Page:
Mapping the Medieval Countryside has announced that the beta version of their searchable English translations of inquisitions post mortem (IPMs) – a major source into the lives and legacies of thousands of families from the Later Middle Ages.
This article shows that medieval France formulated its own state of exception, meant to deal with emergencies, based on the legal principle of necessity.
Magna Carta just celebrated its 800th birthday this past Monday. In honour of this incredible milestone, King’s College London, and the Magna Carta Project, hosted a 3 day conference dedicated to this historic document.
The 3 papers featured here looked at the development of the civic identities of Florence, Genoa and Rome through art, architecture and foundation legends.
Throughout Sweden the King began to build castles on the basis of foreign models in the middle of the 13th century. It is about the new art of castle building under Anglo-Norman and German influence.
The Norse General Assembly of Iceland, called the Althing at Þingvellir, was central to early Icelandic society in the Viking Age. Not only was it the high point of the annual social calendar, but it was also the focus of their ideals of justice and law-making, which the early Icelanders refined into an art.
The literature of the Peasants’ Revolt of 1381, a miscellany of fourteenth-century poetry and prose penned before, during, and after the insurrection, often stresses the importance of literacy to the nonaristocratic population of England.
This dissertation explores the fluid relationship between monastic women and religious orders. I examine the roles of popes and their representatives, governing bodies of religious orders, and the nunneries themselves in outlining the contours of those relationships.
This thesis interrogates the evidence of the household ordinances from the twelfth to fourteenth centuries, by using a corpus of record sources extant from 1199 onwards, which break through the façade of departmentalism to reveal the complexity of the royal household.
In the late middle ages, the Imperial free city of Metz is firmly in the hands of the patricians: they control its entire government through associations called paraiges – and as the wealth of the city has been relying heavily on their rural possessions since the decline of the commercial role of the city, their leadership is not seriously at risk.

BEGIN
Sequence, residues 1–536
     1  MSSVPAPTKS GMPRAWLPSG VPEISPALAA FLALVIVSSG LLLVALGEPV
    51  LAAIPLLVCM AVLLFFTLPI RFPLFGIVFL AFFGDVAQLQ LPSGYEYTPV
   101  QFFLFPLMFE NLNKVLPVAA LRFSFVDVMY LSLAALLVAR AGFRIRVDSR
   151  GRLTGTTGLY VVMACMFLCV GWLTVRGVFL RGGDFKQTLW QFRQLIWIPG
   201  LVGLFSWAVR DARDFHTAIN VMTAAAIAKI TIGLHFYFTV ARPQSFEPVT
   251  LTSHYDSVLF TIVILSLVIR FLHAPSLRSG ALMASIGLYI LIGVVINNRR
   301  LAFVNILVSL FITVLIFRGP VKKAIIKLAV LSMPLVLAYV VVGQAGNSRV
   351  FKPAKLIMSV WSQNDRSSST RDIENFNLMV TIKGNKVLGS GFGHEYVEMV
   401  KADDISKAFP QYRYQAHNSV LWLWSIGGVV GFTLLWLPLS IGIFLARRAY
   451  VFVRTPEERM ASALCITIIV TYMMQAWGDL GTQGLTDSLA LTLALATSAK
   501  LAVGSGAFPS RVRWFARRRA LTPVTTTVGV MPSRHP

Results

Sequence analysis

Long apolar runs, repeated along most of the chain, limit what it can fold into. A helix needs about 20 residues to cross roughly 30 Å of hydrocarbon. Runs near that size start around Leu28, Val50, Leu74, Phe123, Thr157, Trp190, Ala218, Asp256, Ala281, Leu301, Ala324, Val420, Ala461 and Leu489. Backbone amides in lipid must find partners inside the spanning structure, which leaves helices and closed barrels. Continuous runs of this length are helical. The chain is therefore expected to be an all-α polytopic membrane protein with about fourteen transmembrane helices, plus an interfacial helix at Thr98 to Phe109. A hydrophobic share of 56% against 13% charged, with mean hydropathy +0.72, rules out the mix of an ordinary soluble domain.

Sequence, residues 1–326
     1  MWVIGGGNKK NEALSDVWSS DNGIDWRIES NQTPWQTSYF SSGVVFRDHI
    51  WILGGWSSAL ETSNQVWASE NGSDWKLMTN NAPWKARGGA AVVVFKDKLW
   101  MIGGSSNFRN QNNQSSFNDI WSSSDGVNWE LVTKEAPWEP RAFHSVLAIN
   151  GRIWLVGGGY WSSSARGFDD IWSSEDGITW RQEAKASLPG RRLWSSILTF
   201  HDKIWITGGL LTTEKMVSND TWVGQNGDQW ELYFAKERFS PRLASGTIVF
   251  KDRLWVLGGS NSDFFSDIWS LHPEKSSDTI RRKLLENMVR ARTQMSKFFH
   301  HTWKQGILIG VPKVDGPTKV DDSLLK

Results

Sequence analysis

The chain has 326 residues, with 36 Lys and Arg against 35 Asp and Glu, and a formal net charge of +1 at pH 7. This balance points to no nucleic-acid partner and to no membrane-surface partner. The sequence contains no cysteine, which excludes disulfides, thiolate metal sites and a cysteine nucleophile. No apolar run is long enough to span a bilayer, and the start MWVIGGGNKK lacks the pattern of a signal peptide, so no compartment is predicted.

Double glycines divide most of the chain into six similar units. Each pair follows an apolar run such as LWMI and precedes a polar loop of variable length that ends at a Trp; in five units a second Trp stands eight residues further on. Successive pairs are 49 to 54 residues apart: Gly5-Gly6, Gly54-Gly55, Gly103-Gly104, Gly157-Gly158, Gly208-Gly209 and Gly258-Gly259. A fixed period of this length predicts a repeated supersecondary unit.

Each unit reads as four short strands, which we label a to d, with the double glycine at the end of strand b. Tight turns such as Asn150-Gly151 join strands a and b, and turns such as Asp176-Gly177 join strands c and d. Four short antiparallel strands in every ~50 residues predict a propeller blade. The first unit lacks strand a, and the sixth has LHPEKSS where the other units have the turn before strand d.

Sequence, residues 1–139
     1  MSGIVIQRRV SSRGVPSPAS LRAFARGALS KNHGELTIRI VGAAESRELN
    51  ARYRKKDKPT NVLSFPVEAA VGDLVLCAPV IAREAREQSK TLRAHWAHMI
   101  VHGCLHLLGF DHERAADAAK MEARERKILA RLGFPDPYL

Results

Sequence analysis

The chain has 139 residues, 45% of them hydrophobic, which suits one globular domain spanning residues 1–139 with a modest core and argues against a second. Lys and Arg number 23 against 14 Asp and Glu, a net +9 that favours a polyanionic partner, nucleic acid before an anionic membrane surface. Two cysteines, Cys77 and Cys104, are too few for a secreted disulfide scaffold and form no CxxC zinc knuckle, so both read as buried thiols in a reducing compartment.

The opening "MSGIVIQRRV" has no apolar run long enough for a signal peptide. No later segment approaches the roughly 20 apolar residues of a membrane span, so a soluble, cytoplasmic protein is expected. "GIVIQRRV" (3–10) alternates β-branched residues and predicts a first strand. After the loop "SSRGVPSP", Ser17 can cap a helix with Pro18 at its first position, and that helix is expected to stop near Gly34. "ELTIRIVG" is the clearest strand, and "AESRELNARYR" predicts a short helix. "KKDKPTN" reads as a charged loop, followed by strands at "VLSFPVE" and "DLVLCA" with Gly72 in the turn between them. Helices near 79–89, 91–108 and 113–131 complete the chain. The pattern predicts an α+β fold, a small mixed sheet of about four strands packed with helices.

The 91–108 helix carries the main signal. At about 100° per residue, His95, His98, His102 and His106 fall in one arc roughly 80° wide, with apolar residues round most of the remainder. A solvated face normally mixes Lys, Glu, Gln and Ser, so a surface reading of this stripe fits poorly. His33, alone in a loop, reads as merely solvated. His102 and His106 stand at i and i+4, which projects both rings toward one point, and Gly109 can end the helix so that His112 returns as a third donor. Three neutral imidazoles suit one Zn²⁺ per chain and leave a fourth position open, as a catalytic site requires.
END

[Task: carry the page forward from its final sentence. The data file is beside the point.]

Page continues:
The curious phrase lit de justice originated in the fourteenth century and by the first decade of the fifteenth century designated particularly important royal sessions of the Parlement of Paris.
The German Research Foundation has awarded Professor Jörg Rogge of Johannes Gutenberg University Mainz a grant of EUR 400,000 to create a digital edition of the Augsburg Master Builders’ ledgers.
The paper explores urban public finance in the late medieval towns on the example of two largest cities in Moravia—Olomouc and Brno.
My investigation is set within the context of the current high level of interest in the workings of the late medieval parish.
This lecture is about an extraordinary set of English shipbuilding accounts dating from the 1290s, when the ports of London, Southampton, Ipswich, York, Newcastle and other places constructed eight war galleys for King Edward I.
What did medieval nobility spend their money on? A new book takes a look at the surviving accounting records of a 14th century noble – Elizabeth de Burgh, Lady of Clare.
When Louis VI ascended to the throne in 1108 AD, he faced substantial challenges as the fifth monarch of the Capetian dynasty; he confronted the problem of stopping the general decline of the monarchy and achieved this in a way that reasserted the foundations of the crown as the sole dominant figure in the royal domain and a respected lord throughout the kingdom.
When were medieval prisons founded? What was life inside them like? How did contemporary observers perceive them?
I have tried to show the degree of discrimination suffered by the Jewish community in these two kingdoms in the Middle Ages through a deep analysis of the legal sources, lay as much as ecclesiastical, and also through documentary collections reflecting their practical application
This paper examines Marseillaise notarial documents of 1248 from the cartulary of Girauld Amalric. Amalric’s cartulary demonstrates how notarial techniques and related legal conventions facilitated Marseille’s long- and short-distance trade.
Between the second half of the thirteenth century and the first half of the fifteenth, central and northern Italian city-states frequently suffered moments of disruption of the social peace because of factional battles.
This paper investigates the relationship between the historical process of legal centralization and increased religious toleration by the state. We develop a model in which legal centralization leads to the criminalization of the religious beliefs of a large proportion of the population.
This thesis examines government administrative action that can be described as ‘management’, in the context of the logistics of mobilizing royal armies during the reigns of Edward I, Edward II and Edward III.